The Office of the Public Guardian, Age UK, and Dementia UK have explored the crucial yet often challenging discussions about Lasting Powers of Attorney (LPAs).
They have provided five top tips for starting a conversation with family and friends about LPAs as follows:
Think in advance about the best time and place to start the conversation. Finding a place where everyone feels comfortable and can talk for as long as you need to, can help with getting the conversation off to the right start. It can be useful to bring a few key facts, to explain more about what an LPA is, the different types, and how to set one up.
Have an open conversation
Having an open conversation involves discussing all the options, without any expectations. Give everyone time and space to express their views and feelings and ask questions. Listen to each other without judging and consider choices around finances, health and welfare.
Respect each other’s choices
Many people may feel anxious talking about LPAs. Always respect each other’s choices. If a family member or friend does not want to talk about making an LPA, respect their choice. Remind each other, you can have this conversation another time when everyone is ready. Remember, as a donor it is your choice who you appoint as your attorneys.
Start the conversation early
Early discussions result in considered and informed decisions. Avoiding the discussion or leaving it too late can make things more difficult. You can only make an LPA if you have the mental capacity to do so. It’s about putting things in place to make things easier later on.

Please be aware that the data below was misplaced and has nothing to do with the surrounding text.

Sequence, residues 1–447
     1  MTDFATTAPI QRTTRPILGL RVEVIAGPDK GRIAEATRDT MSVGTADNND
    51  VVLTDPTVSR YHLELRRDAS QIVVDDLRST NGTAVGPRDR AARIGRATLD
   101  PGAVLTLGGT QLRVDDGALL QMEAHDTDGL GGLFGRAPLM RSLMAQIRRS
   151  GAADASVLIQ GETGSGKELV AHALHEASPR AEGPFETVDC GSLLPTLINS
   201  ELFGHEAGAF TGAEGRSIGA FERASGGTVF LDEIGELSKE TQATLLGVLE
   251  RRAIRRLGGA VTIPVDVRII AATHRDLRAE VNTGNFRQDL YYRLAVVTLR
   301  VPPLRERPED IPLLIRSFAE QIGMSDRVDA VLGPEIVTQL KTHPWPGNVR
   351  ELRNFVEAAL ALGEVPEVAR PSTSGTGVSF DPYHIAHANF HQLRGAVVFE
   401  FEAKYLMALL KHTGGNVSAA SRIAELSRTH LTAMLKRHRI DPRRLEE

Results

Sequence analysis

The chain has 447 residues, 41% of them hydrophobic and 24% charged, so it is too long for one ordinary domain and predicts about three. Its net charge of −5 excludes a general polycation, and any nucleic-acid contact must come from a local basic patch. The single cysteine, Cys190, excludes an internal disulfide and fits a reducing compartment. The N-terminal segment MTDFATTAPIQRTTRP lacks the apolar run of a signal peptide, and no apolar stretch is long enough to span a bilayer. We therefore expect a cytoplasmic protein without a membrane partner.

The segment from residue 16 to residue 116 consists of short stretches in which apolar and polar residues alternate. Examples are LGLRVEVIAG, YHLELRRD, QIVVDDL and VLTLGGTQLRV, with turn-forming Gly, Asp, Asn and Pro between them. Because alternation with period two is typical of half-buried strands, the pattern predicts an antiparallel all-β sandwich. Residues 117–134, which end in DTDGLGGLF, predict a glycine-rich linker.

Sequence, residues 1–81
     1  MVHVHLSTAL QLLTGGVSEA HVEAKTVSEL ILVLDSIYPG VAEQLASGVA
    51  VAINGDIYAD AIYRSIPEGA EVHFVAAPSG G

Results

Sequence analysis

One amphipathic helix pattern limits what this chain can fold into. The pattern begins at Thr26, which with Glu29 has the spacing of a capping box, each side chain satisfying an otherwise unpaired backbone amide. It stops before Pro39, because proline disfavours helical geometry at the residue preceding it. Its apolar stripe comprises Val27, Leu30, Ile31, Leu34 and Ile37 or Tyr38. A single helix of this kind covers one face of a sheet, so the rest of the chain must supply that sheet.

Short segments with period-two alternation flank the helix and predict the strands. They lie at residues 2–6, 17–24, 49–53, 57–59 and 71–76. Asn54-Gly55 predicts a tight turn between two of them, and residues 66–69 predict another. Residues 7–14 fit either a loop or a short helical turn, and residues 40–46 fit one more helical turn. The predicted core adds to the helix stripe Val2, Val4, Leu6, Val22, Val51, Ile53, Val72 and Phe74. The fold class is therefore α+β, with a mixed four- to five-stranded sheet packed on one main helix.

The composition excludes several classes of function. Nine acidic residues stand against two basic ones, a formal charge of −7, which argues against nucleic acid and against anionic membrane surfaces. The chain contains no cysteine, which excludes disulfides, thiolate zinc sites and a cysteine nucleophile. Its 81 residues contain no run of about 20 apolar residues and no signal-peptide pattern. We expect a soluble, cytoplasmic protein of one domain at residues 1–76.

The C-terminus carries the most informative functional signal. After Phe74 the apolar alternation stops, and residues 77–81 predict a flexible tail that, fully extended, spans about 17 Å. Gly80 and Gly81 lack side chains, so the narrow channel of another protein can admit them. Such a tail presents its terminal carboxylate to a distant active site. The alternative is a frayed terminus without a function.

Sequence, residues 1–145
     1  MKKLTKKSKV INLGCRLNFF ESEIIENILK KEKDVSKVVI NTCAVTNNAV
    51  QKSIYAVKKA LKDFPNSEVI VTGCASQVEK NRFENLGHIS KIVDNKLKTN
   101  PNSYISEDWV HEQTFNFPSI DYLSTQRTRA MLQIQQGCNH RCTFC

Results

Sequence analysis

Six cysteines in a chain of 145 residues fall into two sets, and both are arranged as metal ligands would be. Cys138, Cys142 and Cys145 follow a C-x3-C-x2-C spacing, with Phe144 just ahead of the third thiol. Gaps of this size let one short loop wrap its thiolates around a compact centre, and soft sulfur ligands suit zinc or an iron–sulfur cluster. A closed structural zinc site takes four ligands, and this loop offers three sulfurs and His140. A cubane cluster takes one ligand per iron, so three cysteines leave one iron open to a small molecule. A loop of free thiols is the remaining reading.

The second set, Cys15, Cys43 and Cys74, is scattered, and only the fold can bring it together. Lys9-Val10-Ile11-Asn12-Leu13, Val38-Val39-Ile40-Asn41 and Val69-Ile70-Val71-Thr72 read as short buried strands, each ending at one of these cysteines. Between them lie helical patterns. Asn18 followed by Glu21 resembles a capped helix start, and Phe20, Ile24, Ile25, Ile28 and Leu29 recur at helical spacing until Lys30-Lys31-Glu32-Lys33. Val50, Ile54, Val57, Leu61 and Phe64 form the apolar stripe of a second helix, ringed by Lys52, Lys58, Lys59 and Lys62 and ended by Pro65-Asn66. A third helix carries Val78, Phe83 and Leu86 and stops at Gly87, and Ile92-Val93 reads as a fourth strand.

Take time to find out more
Try not to give too much information about making an LPA all at once. After all, there may be many things to consider at length and too much information in one go can be overwhelming. Instead, note where more information can be found, either online at gov.uk/opg or by printing off information for them.
Caroline Abrahams, Age UK Charity Director said:
“It can give enormous peace of mind to know someone you trust can act for you in the event you are ever unable to make your own decisions. At the same time, we know, conversations about making an LPA, with loved ones or others, are not always easy. It might be hard to talk about money, health and welfare decisions and the possibility of being unable to make their own decisions in the future. Sometimes it is difficult to know where to start.”
Sue Kirkup, Dementia UK Admiral Nurse said:
“Having an open discussion together enables family members to express their wishes. LPAs help families and healthcare professionals make informed decisions which represent the best interests of their loved one and ensures a person-centred approach. Having an LPA helps avoids confusion and uncertainty in the future. It can reduce the pressure on family members when the time comes to making difficult decisions”.